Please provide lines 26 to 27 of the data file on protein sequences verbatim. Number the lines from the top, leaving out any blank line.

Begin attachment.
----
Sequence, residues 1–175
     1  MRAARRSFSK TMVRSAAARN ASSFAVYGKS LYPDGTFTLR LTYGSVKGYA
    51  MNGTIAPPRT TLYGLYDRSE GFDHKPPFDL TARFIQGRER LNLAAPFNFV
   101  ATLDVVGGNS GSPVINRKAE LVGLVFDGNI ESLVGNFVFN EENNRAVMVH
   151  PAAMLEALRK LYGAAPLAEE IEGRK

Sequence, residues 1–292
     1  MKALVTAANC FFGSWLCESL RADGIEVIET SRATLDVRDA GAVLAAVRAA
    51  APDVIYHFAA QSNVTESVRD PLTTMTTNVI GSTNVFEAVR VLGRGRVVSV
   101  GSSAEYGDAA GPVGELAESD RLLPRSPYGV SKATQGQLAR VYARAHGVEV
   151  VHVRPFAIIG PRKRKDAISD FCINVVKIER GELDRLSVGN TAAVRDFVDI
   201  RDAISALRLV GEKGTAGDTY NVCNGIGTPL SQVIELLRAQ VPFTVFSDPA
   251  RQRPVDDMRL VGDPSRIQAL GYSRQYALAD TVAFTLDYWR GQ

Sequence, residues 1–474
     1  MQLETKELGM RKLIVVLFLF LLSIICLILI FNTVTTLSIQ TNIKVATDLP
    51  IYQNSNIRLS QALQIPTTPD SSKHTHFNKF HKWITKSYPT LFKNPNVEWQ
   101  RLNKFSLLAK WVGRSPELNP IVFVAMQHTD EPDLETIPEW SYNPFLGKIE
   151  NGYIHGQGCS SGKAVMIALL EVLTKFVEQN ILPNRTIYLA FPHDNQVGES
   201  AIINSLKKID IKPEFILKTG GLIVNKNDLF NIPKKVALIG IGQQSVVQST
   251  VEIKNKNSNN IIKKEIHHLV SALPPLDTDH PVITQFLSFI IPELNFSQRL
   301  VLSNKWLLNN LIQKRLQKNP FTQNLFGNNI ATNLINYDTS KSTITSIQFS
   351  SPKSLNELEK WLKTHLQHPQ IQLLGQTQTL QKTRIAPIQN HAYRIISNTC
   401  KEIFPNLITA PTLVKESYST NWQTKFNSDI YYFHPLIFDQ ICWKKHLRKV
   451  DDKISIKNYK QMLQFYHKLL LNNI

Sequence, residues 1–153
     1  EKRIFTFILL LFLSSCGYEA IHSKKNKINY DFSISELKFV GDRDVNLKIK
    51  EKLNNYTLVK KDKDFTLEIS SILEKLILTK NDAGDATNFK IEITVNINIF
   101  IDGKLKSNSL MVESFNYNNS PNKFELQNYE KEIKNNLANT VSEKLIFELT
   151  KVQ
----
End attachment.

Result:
    51  EKLNNYTLVK KDKDFTLEIS SILEKLILTK NDAGDATNFK IEITVNINIF
   101  IDGKLKSNSL MVESFNYNNS PNKFELQNYE KEIKNNLANT VSEKLIFELT